At Virginia Shad Planking, Senate candidates face political and culinary challenges

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Politics,Virginia,Campaign Finance,2014 Elections,Campaigns,PennAve,Rebecca Berg,Fishing,Ed Gillespie,Mark Warner

WAKEFIELD, Va. -- When Democratic Sen. Mark Warner ventured onstage Wednesday at a festive fish-smoke in the Virginia woods, he was well aware he was in the minority.

The annual Shad Planking, a culinarily perplexing but well-loved Virginia political tradition, has welcomed lawmakers and candidates of both political parties for decades, to take the stage with light-hearted self-mockery.

The crowd at the rural event, held in a nondescript pine clearing, has trended more Republican in recent years. Although Democrats still hold the top offices in Virginia, so, too, has the state's political landscape been shifting to favor Republicans — which is exactly the problem Warner expects to face, and hopes to tackle, as he runs for re-election in this challenging midterm election cycle.

“Looking at this crowd, I realize I am here as an endangered species,” said Warner, a 25-year veteran of the Shad Planking. “A Virginia Democrat.”

The uneven demographics were clear as Warner smiled and shook hands at intervals with Republican former Lt. Gov. John Hager, Virginia GOP Chairman Chair Pat Mullins, and Warner's likely general election challenger, former Republican National Committee Chairman Ed Gillespie.

Gillespie’s and Warner’s first face-to-face meeting as campaign-trail foes lasted just a minute before, with a handshake and smiles, the men walked on, sign-wielding aides trailing close behind.

The broader tone of the afternoon was less cordial. Gillespie's campaign decided to forego the tradition of staking signs along the gravel road to the planking, but the Virginia Republican Party posted large-scale ones of its own. “Mark Warner betrayed Virginia,” the signs read. “Obamacare's deciding vote.”

As in other battleground Senate races in 2014, the federal health care law promises to be a marquee issue in Virginia. And Wednesday, Warner faced some Virginians vocally angered by his support for Obamacare and some of President Obama's other policies.

“Y’all watch that guy, he’ll lie to you now!” yelled one man standing near Warner, as the senator signed a souvenir hat for a supporter. But Warner left the event unfazed.

“There’s no part of Virginia that I don’t have friends in and want to defend my record in,” Warner told reporters. When asked whether he would welcome Obama on the campaign trail, however, Warner dodged the question.

Few people come to the Shad Planking year after year for the fish. Schmoozing with candidates can be a draw, or the free beer. But shad is bony and oily; even smoked on a plank for six to eight hours before being smothered in a butter-based sauce, it is palatable at best.

If the fish is bland; however, the politics aren’t. The Shad Planking has long been an important Virginia political event, and within the past decade, organizers began awarding speaking slots to candidates as well as sitting elected officials, who had traditionally held the floor — making the rite of spring a freewheeling kickoff to the campaign season, too.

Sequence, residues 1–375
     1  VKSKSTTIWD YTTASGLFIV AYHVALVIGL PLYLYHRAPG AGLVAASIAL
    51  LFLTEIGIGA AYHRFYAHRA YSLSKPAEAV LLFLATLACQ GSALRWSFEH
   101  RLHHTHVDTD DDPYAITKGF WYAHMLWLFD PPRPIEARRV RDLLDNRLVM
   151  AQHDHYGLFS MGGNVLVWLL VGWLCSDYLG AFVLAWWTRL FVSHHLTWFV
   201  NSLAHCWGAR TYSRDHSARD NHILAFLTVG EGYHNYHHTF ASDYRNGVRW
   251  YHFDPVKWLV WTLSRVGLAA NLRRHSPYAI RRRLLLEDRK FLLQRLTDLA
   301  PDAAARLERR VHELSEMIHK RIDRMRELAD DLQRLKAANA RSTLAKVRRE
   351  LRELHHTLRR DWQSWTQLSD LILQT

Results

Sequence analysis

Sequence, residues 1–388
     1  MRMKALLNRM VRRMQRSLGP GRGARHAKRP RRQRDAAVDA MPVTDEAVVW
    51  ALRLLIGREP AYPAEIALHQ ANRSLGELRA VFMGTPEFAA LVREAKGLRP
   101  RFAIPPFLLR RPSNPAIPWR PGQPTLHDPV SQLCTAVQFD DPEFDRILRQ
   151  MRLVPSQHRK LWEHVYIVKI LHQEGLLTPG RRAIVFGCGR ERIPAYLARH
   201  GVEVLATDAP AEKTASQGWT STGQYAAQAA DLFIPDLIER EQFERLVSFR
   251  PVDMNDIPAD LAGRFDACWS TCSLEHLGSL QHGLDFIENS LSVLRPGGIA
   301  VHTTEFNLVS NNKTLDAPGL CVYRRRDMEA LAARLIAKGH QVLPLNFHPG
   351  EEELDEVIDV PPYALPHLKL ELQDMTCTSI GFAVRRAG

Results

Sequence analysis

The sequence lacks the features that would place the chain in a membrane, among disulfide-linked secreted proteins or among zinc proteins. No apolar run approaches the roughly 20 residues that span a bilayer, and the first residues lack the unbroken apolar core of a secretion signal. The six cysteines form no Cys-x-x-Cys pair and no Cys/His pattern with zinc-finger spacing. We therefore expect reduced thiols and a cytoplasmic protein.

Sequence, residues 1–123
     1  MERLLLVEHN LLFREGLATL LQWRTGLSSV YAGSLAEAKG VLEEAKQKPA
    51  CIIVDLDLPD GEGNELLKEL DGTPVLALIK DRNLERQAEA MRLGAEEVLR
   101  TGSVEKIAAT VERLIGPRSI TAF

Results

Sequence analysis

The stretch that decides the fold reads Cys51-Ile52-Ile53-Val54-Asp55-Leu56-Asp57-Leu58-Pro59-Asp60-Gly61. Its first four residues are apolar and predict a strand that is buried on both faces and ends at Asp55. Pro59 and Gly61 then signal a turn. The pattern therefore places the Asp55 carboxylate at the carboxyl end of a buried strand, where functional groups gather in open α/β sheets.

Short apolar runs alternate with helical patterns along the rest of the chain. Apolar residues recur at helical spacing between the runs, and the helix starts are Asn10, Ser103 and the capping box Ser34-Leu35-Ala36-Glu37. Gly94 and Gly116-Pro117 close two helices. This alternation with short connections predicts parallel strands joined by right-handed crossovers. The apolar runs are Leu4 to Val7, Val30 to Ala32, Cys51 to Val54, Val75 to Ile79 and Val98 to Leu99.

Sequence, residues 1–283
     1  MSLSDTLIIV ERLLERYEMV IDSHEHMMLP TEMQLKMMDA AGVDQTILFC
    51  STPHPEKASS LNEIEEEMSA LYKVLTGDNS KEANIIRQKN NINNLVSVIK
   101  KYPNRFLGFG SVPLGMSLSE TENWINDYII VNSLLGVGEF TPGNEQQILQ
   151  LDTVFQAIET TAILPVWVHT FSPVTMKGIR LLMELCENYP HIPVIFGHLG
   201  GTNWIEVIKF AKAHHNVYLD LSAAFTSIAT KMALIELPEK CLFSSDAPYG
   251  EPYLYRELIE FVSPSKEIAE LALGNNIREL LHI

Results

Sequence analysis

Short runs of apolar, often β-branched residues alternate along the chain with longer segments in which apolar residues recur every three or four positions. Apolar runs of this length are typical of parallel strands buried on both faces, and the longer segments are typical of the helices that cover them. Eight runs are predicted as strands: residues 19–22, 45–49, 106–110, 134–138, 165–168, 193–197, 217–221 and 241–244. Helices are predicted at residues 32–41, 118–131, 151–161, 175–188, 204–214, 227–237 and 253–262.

A few Democrats have in the past declined to keynote the Republican-leaning event, including Creigh Deeds and Sen. Tim Kaine. Gov. Terry McAuliffe has spoken before, in 2009, but turned down an invitation to speak last year when he was running for governor.

This year, however, it was not a Democrat who was notably absent from the stage, but Gillespie, who was not invited to make remarks.

“Some people said, ‘Why not let Ed Gillespie speak?’” said Robert Bain, the event’s chairman. “But he’s not the party’s nominated candidate yet.”

Gillespie, who for the bulk of his storied career behind the scenes in politics has moved from one victory to another, is expected to win his party’s nomination at a convention in Roanoke in June, but he is still decidedly an underdog against Warner. In most public polls, Warner has led Gillespie by double digits.

Gillespie also faces a fundraising disadvantage against Warner, who raised $2.7 million in March and finished the month having amassed $8.8 million on hand. Gillespie, for his part, brought in a respectable $2.2 million, but roughly 40 percent of that money came from donors outside of Virginia.

“This is going to be an expensive race,” Gillespie told reporters Wednesday. “You’ve got to draw resources from everywhere.”

Including from the Shad Planking crowd, to whom Gillespie’s campaign only offered beer once supporters had relinquished their valuable phone numbers and email addresses.

For Gillespie, a first-time candidate, it was also a first time at the Shad Planking, where nearly everyone has an opinion of the signature fare — except Gillespie, who had never tasted shad of any kind and didn’t know if he would like it.

“I’ll tell you in about two hours,” Gillespie said at the pre-shad reception. He paused, considering that response, before he added, “And, by the way, the answer will be, ‘Yes.’ I’m a first-time candidate, but I’m not new at this.”

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Rebecca Berg

Political Correspondent
The Washington Examiner